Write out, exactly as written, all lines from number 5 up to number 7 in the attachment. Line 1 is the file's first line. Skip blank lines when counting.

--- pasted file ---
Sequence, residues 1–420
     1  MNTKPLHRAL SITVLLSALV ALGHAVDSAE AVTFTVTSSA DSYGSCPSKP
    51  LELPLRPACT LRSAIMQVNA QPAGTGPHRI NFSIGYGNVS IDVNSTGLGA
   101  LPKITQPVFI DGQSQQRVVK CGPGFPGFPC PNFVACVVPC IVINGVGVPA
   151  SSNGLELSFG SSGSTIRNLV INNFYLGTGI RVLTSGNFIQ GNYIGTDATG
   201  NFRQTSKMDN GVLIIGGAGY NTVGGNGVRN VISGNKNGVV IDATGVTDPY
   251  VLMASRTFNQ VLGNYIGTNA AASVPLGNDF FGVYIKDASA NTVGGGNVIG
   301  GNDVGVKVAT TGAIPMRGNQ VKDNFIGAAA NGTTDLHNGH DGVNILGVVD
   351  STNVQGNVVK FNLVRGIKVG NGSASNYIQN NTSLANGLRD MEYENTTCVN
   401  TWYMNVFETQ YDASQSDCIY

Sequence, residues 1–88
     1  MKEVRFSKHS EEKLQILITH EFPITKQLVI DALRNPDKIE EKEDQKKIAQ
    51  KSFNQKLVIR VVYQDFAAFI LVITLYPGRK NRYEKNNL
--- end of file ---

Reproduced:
   151  SSNGLELSFG SSGSTIRNLV INNFYLGTGI RVLTSGNFIQ GNYIGTDATG
   201  NFRQTSKMDN GVLIIGGAGY NTVGGNGVRN VISGNKNGVV IDATGVTDPY
   251  VLMASRTFNQ VLGNYIGTNA AASVPLGNDF FGVYIKDASA NTVGGGNVIG